Could Pharmacokinetics Play A Role In Addictive Risk With Drugs?
Changing a drug's pharmacokinetic principles can help in drug treatment.
A study appearing in the September issue of Neuroscience and Biobehavioral Reviews suggests that pharmacokinetics play a significant role in the risk of abuse and misuse associated with varying drugs, from nicotine to cocaine.
Researchers from the University of Montreal conducted a literature review to evaluate the role of pharmacokinetics and addiction risk with varying drugs of abuse and misuse. They discovered that how fast a drug reaches the brain and how often brain levels rise and fall are essential to the development of drug addiction; for example, when a drug is smoked or injected intravenously, the amount of the drug in the brain increases and decreased quickly compared to if the drug is inhaled or swallowed. This high and rapid peak of drug concentration, followed by a rapid decline, are critical to drug addiction risk.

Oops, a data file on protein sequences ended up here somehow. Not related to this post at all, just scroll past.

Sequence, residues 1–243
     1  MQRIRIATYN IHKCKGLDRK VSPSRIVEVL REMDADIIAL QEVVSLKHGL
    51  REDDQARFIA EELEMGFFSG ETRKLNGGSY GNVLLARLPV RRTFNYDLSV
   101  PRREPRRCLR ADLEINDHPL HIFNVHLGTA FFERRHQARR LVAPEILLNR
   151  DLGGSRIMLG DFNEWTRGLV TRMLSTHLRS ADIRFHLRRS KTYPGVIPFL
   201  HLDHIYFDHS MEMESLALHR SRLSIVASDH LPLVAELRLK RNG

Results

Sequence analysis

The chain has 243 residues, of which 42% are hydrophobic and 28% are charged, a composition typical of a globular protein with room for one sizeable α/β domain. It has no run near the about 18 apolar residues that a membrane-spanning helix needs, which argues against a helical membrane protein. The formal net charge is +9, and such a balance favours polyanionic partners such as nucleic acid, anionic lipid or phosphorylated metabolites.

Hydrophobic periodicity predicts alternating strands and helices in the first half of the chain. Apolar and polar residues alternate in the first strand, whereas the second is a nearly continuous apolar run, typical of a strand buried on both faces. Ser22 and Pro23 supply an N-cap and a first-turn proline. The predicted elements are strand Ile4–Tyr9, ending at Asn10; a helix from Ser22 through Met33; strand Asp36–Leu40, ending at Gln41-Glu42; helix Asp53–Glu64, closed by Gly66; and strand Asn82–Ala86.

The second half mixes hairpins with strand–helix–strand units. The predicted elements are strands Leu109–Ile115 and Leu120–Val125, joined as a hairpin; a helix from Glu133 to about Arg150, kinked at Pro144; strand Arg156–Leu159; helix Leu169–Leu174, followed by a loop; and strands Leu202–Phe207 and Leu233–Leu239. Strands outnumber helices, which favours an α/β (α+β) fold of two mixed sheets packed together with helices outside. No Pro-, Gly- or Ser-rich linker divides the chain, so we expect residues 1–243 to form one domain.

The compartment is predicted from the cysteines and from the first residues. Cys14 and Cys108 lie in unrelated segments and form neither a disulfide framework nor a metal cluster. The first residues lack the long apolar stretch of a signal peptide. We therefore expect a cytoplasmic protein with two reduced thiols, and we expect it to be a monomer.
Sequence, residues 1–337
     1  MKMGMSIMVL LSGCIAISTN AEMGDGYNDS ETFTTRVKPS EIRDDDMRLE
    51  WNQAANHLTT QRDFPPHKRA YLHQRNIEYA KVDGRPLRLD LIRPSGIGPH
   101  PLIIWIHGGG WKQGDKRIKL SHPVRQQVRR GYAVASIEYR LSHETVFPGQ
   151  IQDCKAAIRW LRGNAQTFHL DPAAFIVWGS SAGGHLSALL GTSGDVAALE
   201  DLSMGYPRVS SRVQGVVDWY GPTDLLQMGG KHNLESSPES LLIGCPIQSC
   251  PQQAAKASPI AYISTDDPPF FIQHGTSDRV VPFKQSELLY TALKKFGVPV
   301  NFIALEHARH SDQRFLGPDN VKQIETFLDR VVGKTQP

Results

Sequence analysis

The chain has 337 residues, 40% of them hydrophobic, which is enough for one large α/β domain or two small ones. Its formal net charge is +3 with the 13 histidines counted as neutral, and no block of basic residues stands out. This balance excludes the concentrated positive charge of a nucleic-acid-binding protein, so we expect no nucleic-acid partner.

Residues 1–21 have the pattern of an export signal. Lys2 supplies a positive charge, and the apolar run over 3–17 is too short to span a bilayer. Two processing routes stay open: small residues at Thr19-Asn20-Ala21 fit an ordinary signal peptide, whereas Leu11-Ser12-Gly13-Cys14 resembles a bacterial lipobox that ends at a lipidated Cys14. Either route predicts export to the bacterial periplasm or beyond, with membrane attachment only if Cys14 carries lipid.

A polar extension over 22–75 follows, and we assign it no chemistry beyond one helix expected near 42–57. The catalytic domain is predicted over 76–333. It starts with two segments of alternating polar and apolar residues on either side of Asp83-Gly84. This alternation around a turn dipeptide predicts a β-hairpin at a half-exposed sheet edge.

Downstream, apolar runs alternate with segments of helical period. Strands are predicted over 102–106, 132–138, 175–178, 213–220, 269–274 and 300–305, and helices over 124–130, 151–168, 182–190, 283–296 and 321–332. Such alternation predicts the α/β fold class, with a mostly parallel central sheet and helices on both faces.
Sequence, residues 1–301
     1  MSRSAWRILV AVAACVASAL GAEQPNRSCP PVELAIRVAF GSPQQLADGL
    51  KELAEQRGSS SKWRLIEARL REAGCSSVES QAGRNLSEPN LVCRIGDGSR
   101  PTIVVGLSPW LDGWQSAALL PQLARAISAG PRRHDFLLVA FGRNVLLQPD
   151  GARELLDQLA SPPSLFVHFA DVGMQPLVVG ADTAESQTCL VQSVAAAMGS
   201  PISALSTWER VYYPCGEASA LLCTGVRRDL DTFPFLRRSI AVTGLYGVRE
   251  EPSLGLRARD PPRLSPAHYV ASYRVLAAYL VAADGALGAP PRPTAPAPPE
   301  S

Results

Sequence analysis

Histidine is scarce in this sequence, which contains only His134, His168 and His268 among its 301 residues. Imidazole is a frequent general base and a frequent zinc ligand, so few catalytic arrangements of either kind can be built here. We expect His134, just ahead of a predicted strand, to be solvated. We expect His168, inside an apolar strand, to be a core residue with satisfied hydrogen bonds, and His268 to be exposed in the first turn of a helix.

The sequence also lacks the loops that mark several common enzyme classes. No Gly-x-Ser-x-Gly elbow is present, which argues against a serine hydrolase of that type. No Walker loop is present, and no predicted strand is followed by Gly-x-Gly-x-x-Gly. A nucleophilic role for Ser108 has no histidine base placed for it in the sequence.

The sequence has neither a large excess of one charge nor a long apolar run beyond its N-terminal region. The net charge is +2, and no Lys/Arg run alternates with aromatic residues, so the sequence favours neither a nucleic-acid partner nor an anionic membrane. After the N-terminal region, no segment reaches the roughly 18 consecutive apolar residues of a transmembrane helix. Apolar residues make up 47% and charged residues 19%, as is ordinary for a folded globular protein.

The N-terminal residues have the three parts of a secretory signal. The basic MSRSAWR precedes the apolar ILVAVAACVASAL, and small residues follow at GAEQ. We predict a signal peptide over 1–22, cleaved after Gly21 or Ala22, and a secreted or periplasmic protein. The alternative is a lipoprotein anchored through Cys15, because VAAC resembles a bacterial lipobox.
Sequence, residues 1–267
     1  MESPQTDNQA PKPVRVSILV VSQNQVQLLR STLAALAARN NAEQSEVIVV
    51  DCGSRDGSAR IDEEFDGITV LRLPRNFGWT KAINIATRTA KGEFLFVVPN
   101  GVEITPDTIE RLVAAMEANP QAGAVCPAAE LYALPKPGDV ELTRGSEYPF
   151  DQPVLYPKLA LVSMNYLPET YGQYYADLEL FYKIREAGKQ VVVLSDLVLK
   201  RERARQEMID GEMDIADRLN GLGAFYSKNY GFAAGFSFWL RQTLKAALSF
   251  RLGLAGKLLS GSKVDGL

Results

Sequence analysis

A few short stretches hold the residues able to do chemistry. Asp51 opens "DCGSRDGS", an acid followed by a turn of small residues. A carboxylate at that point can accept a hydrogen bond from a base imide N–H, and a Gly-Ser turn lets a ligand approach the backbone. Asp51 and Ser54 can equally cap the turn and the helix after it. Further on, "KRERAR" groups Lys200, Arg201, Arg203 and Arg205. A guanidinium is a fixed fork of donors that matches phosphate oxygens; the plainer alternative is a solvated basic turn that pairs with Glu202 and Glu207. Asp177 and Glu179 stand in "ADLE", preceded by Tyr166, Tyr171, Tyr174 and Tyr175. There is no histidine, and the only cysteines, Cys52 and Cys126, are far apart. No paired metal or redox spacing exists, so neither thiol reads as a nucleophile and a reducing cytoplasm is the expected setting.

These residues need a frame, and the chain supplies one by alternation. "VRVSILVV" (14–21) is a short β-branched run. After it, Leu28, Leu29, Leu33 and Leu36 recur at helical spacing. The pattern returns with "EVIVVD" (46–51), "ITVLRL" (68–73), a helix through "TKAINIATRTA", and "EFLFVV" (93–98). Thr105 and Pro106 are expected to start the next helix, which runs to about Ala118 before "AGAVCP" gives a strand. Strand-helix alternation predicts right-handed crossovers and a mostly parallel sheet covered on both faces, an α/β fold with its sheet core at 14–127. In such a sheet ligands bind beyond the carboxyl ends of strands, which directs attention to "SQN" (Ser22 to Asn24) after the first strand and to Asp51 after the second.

Changing a drug's pharmacokinetic principles can help in drug treatment, such as nicotine patches or oral methadone for smoking and heroin cessation therapy. This could be used to guide treatments for cocaine addiction, of which there are currently no FDA-approved pharmacotherapies.
1. Florence A, et al. Neurosci. Biobehav. Rev. 2015; doi: 10.1016/j.neubiorev.2015.06.012.